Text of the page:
• bluegill;
  • channel catfish;
  • growth;
  • habitat;
  • largemouth bass;
  • prey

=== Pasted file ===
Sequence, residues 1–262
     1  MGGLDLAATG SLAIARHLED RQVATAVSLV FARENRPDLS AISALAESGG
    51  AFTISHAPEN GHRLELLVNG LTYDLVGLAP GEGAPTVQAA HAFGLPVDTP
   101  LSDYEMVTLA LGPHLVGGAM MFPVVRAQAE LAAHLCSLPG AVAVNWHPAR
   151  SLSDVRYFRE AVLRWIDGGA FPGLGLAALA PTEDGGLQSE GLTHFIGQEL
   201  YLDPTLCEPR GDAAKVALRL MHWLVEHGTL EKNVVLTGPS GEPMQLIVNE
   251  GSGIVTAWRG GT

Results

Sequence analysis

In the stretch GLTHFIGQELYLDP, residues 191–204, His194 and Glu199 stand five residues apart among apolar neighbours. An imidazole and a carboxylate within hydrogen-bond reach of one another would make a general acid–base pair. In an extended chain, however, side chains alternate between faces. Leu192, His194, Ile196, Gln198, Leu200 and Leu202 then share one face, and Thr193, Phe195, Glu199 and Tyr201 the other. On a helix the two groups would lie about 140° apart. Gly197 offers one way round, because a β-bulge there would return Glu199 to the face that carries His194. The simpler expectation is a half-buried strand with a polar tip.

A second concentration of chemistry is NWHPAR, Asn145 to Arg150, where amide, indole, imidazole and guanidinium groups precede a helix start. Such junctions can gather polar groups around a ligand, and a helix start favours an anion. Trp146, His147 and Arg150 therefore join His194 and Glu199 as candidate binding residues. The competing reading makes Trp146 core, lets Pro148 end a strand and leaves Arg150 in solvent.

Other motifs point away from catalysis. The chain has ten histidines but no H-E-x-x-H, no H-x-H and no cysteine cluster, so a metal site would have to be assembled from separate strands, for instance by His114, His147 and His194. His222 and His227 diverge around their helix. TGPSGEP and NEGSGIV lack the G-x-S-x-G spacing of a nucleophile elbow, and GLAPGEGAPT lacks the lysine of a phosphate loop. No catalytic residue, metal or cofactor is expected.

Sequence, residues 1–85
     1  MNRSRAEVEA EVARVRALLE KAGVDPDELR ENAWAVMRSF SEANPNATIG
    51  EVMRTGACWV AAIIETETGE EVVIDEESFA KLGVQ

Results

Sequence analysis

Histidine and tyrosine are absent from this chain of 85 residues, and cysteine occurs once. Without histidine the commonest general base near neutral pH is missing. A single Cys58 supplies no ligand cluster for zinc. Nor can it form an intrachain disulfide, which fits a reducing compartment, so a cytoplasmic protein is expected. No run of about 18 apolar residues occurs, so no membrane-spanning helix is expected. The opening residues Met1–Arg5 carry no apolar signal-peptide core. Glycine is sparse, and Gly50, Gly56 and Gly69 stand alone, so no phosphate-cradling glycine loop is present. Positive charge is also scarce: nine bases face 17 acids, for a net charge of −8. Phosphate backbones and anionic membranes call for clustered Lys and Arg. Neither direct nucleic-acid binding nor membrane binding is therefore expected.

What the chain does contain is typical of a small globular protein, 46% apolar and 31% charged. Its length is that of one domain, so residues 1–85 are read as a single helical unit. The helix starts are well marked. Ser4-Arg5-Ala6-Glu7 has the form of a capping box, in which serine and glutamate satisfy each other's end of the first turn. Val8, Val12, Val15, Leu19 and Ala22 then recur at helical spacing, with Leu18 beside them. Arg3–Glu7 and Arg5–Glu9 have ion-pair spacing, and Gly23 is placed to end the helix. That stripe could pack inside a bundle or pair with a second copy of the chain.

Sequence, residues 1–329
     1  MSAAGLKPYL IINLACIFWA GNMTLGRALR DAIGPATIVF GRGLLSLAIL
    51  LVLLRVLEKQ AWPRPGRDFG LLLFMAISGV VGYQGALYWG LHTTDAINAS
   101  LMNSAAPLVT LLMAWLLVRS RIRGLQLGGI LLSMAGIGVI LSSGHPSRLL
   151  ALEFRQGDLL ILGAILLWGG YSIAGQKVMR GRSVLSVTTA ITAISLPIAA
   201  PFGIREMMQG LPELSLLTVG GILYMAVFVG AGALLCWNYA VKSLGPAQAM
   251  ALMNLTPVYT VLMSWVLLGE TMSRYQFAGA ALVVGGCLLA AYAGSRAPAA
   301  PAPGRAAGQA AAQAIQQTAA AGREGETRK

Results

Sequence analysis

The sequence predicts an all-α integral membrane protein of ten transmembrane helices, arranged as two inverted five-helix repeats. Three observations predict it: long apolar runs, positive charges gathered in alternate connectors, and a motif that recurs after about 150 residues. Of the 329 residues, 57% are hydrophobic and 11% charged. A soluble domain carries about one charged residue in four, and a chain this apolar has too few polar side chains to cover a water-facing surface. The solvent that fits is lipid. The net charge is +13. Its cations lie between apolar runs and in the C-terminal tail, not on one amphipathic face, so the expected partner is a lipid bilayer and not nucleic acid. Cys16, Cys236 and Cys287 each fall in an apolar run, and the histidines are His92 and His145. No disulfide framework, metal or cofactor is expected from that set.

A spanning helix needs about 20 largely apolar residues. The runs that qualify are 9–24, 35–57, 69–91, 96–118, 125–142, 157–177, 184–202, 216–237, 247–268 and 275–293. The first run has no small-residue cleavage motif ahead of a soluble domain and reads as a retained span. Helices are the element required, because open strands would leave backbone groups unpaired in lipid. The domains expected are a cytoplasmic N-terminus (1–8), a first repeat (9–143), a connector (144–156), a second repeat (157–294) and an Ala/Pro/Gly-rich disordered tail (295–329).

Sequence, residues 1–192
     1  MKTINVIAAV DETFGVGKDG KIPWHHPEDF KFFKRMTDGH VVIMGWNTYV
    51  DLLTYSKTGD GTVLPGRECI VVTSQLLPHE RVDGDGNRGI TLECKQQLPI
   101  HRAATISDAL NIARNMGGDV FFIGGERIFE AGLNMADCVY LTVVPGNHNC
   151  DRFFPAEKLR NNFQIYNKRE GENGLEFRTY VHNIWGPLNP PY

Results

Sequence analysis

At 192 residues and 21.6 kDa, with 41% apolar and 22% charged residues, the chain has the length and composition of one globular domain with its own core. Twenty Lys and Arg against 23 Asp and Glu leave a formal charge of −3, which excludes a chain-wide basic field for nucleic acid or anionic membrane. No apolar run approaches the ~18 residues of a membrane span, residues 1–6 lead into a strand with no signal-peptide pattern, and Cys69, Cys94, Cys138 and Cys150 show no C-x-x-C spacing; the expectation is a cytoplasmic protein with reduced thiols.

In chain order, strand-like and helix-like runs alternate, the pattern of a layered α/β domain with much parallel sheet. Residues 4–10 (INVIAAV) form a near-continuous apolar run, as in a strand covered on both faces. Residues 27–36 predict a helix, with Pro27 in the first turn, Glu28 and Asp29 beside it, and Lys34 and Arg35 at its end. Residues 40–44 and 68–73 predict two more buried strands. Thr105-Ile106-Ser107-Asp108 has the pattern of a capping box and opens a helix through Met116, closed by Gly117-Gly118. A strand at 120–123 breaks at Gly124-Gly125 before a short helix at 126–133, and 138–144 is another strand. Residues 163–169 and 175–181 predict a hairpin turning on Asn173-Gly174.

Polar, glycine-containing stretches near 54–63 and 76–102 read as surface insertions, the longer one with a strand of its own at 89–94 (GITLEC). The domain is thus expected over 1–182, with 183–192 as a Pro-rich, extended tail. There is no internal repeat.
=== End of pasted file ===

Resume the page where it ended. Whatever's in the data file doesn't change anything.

Growth of sympatric populations of three important sport fish species: bluegill Lepomis macrochirus, largemouth bass Micropterus salmoides and channel catfish Ictalurus punctatus, in 14 Illinois reservoirs was assessed in an attempt to relate size-specific growth to environmental conditions. Multiple regression relationships for most species and size classes explained a large percentage of the variation in growth. Growth of small bluegill (50 mm total length, LT) showed a strong negative relationship with bluegill catch per unit effort (cpue), per cent littoral area and pH. Large bluegill (150 mm LT) growth was negatively related to Daphnia spp. and benthic macroinvertebrate abundance and lake volume, and positively related to bluegill cpue. Growth of small (100 mm LT) and large (250 mm LT) largemouth bass was not well explained by any of the measured variables. Growth of both small (300 mm LT) and large (450 mm LT) channel catfish was strongly positively related to forage fishes and ichthyoplankton abundance, and per cent littoral area while negatively related to benthic macroinvertebrates. By identifying environmental conditions associated with increased growth rates, these models provide direction for managing fish populations and suggest testable hypotheses for future study of the complex interactions between environmental conditions and growth.